DETROIT – As German supplier Bosch increases its electric vehicle and fuel cells businesses, it is also continuing to invest in traditional technologies, all with the goal of maintaining its ranking as the world's largest auto industry supplier.
Paul Thomas, executive vice president of Bosch North America, told Automotive News Congress on Monday that the company has invested $6 billion so far this year on electric vehicle and fuel cell technologies. But the company, Thomas says, has no intention of abandoning some of its core products, such as fuel injectors and braking and fuel system components as it transitions to EVs and other alternative technologies.
"We want to be in all industries as long as we can," Thomas said. "We believe there is a future for the internal combustion engine and that each region will approach the ICE in different ways."
Thomas also said Bosch will continue to support its legacy products, an acknowledgment that consumers are keeping automobiles longer than ever, more than 12 years, according to some surveys. "A vehicle is something in the world for a long time," he said.
Bullish on fuel cells
Thomas said Bosch believes hydrogen-powered fuel cells have strong potential to replace some diesel powertrains in larger trucks, especially for fleet operators. The company recently began retraining workers at one of its U.S. plants that had once made diesel engine parts to instead make fuel cell components.
Fuel cells use high-pressure gaseous hydrogen to generate electricity through a chemical process in a fuel cell stack. That electricity powers electric motors to drive the wheels of a vehicle.
"As you move into one- and two-ton vehicles and class six and class seven [vehicles], we see applicability. It depends on what the fleets are used for, long or short haul," Thomas said. "I see a good mix of hydrogen in the fleet. I believe density of [fuel] and the range of the vehicle is an opportunity for the industry."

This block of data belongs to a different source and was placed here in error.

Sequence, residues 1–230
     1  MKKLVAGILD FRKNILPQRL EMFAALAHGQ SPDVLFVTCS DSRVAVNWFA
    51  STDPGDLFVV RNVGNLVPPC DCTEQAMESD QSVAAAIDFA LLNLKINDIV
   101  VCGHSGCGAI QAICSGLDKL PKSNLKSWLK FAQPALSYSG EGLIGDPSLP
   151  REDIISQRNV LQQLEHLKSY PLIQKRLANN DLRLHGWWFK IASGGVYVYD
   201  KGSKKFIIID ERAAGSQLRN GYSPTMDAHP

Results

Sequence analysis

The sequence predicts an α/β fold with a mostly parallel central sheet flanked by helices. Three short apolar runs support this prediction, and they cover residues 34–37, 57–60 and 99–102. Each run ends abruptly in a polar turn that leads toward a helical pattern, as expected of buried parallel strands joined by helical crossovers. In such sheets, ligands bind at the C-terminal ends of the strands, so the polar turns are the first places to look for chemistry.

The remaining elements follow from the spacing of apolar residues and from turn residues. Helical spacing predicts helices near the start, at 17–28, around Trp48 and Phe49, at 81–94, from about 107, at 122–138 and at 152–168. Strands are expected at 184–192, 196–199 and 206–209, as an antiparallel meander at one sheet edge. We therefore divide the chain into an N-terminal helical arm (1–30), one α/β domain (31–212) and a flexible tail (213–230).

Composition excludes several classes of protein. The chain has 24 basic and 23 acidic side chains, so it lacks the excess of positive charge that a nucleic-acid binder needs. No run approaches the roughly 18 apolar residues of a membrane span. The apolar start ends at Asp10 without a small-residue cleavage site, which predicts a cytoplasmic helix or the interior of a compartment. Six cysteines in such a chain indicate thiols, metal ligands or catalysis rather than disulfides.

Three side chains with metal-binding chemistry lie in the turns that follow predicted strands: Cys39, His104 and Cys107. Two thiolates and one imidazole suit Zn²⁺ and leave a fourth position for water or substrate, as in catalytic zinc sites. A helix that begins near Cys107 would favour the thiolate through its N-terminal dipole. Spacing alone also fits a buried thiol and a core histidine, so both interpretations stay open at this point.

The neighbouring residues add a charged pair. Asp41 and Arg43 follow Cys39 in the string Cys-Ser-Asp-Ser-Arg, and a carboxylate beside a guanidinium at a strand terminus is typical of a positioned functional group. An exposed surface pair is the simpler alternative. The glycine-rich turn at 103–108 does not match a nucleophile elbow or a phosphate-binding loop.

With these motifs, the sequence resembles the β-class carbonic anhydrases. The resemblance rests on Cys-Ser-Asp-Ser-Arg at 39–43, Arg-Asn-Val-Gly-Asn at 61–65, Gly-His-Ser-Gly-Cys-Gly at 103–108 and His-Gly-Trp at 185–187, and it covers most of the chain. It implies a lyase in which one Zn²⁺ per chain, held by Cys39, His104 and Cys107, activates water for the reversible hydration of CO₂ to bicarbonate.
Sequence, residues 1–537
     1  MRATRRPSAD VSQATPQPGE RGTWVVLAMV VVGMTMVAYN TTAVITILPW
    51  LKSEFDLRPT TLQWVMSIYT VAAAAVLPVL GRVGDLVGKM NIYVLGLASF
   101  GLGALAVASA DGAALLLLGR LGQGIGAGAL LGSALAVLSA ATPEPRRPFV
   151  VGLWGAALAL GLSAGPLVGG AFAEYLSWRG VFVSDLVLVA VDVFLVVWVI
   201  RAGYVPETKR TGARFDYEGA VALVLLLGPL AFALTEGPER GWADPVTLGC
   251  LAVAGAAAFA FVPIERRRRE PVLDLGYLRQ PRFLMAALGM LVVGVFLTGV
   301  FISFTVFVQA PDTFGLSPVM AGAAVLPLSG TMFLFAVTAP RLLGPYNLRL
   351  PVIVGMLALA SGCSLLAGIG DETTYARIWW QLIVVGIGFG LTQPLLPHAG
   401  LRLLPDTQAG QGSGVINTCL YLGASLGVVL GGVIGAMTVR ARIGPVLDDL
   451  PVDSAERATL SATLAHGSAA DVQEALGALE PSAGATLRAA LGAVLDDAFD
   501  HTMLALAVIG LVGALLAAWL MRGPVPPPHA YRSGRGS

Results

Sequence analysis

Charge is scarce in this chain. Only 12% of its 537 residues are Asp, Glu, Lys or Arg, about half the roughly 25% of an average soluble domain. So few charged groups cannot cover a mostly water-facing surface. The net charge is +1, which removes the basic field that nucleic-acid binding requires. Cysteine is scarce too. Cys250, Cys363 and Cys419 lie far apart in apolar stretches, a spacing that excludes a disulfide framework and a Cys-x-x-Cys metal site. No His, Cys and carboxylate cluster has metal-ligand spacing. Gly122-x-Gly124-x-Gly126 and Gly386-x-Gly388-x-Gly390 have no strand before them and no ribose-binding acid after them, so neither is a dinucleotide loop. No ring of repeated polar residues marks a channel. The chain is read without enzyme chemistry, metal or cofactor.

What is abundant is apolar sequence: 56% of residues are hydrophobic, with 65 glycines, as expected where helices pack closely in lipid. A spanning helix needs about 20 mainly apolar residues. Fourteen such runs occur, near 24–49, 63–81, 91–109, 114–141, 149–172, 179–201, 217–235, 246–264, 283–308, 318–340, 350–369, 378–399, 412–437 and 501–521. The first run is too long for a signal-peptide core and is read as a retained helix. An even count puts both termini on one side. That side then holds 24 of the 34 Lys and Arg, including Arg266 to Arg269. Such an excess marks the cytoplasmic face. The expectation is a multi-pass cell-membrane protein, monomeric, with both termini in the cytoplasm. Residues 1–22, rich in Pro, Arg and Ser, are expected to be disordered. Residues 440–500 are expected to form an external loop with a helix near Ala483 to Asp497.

Thomas said Bosch has changed its business strategies as new technologies emerge. Partnering with other companies, he said, is essential for success, mostly because of the heavy capital requirements to develop new components and bring them to market with the quality Bosch has established and because of the specialized skills other companies have.
"Capital is becoming more important as you start this transformation," he said. "As you go through the evolution … industry has to come together and partnerships are showing it makes sense to make investments together."
One of the guardrails Bosch uses to decide on investing in new products with new partners is if it makes sense for the company. For instance, Bosch decided not to produce battery cells for EVs, but it would invest in products that the battery packs need, such as power electronics, cooling and heating systems and other parts, Thomas said.
"We took a look at the technologies and decided we want to help make batteries better, how to manufacture them better and put them in a pack better. It's a decision we made to stay engaged in the environment of the battery," Thomas said.